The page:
A pulse of midges swarms over Lake Malawi in Africa. Photo credit: The Daily Mail. Freshwater fish often rely on terrestrial insects as a portion of their food supply. In lakes, the size and shape of the lake can determine how much the fish rely on terrestrial insects for food. But with humans’ love of lakefront property, the resulting development of lakeshores could have an impact on these insect subsidies. Tessa Francis, a post-doctoral researcher at the National Oceanographic and Atmospheric Administration (NOAA) asked this question in her talk yesterday at the ESA Annual Meeting. She identified fish stomach contents over the course of a year in four Pacific Northwest lakes, surveyed fish in Pacific Northwest lakes — 28 of them — and compiled published data on fish populations in lakes across North America. Francis found that at undeveloped lakes, insect outbreaks often happen in pulses, where insects emerge over a short time period. She remembers pulses of millions of flying ants at one undeveloped lake in British Columbia during the spring of her study season, but only days later the ants had all but disappeared. In highly developed areas, however, these insect pulses vanish. This disparity was apparent in fish food availability: In the undeveloped lakes, terrestrial insects comprised up to 100 percent of the diet of fish in undeveloped lakes, in contrast to a maximum of 2 percent in developed lakes. What’s more, Francis’ large-scale assessment of published data also showed this pattern at the regional and national scale. This difference in food subsidy translates into fish behavior and nutrition. Francis found that trout in developed lakes had a 50 percent lower daily intake of energy. Lower energy intake can slow growth and compromise fish reproduction, she says, which will ultimately lead to population declines. But she emphasizes that even a small amount of shoreline vegetation can serve as insect habitat. “Our shorelines need to remain as intact as possible, with a mix of trees and shrubs,” she says. “But we may not need a dense, native forest. There likely are designs that are compatible with both lakeshore development and sustaining lake food...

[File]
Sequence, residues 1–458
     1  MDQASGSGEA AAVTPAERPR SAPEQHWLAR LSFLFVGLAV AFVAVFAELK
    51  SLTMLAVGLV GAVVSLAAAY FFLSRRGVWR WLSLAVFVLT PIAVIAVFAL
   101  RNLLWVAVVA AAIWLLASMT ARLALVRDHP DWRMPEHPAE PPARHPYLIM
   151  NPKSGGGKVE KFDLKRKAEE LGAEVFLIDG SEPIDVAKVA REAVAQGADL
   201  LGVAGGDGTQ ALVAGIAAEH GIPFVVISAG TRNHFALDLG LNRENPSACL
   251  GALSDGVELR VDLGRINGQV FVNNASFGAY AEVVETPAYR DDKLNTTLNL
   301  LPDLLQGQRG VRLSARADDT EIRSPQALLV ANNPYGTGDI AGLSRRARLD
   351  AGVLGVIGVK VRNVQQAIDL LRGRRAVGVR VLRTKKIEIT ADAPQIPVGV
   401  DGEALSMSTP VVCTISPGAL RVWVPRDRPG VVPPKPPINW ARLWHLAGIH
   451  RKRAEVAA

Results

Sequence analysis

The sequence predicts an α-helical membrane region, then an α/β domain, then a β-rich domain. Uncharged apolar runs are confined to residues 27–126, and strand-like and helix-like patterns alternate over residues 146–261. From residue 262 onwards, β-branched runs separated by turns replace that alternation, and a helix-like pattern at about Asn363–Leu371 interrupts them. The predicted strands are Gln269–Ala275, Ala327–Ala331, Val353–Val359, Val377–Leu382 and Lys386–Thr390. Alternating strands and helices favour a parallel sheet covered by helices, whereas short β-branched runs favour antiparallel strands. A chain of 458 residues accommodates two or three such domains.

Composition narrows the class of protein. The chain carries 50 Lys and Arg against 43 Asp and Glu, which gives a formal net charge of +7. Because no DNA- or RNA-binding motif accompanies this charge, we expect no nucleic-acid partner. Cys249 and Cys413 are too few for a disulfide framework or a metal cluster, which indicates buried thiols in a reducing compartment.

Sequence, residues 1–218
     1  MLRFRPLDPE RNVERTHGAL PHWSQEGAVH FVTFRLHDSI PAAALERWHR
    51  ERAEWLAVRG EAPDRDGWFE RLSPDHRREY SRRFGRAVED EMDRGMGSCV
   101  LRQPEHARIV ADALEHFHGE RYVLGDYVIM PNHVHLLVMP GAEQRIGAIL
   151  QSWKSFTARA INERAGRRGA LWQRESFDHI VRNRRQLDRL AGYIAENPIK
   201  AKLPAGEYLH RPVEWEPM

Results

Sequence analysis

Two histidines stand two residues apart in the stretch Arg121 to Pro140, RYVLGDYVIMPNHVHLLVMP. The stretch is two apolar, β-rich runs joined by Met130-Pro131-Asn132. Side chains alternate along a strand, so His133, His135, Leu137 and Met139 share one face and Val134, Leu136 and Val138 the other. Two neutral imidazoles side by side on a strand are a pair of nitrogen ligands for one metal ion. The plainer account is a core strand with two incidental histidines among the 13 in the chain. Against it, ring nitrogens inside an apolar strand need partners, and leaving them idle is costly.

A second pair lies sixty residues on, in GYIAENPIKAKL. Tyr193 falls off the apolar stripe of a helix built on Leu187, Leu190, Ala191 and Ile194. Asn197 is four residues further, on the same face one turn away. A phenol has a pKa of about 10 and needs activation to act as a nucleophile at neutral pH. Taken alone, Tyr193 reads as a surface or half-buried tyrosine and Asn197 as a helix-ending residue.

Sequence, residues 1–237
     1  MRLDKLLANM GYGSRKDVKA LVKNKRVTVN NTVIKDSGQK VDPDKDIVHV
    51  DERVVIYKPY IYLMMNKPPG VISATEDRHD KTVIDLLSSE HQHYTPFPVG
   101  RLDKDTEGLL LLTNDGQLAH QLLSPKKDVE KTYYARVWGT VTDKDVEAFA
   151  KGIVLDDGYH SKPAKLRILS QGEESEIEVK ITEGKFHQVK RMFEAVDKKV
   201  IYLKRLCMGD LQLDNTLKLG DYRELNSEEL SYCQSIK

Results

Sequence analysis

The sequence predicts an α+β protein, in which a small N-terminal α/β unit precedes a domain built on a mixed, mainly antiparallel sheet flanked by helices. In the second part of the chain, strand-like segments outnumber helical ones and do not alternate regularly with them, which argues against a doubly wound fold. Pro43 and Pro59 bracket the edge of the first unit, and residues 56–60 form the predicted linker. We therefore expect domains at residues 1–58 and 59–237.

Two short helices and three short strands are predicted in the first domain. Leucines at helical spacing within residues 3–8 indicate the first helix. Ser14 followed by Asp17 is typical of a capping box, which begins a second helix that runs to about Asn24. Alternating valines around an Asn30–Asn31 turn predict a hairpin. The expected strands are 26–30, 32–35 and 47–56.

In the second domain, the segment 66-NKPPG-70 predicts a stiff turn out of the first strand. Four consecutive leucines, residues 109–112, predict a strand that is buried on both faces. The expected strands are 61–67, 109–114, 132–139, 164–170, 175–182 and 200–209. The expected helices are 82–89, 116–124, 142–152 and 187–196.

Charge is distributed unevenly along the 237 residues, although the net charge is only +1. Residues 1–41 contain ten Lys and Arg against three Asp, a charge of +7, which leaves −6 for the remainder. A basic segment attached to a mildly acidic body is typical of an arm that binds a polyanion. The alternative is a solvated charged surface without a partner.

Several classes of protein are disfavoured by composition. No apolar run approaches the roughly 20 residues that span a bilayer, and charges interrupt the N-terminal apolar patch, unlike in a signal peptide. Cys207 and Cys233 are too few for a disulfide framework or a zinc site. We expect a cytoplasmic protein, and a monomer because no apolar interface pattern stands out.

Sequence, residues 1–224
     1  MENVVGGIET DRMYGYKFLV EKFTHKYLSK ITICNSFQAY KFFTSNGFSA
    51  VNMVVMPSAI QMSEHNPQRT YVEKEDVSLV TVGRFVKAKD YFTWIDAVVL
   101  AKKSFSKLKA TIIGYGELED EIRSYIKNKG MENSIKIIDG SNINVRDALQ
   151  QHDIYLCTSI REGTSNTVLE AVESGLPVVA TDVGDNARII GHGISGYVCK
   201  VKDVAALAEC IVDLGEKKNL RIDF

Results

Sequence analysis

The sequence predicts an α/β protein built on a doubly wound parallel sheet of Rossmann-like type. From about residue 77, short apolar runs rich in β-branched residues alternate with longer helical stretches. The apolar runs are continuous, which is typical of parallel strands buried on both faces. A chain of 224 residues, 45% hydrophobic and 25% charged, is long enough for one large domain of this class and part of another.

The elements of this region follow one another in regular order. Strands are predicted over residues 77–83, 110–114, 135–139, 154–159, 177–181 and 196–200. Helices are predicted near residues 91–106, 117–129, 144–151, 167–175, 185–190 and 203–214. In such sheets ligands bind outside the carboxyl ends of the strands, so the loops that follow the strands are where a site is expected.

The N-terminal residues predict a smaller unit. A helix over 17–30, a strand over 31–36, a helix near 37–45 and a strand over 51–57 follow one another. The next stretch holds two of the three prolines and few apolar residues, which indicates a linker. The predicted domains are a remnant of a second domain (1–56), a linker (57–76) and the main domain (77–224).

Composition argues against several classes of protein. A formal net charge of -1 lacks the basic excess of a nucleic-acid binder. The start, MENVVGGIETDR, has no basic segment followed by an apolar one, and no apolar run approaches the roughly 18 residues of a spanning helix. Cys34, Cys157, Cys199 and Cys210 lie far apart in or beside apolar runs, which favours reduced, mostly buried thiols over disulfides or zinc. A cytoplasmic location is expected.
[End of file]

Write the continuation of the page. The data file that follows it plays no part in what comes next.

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The State of our Society (ESA, that is)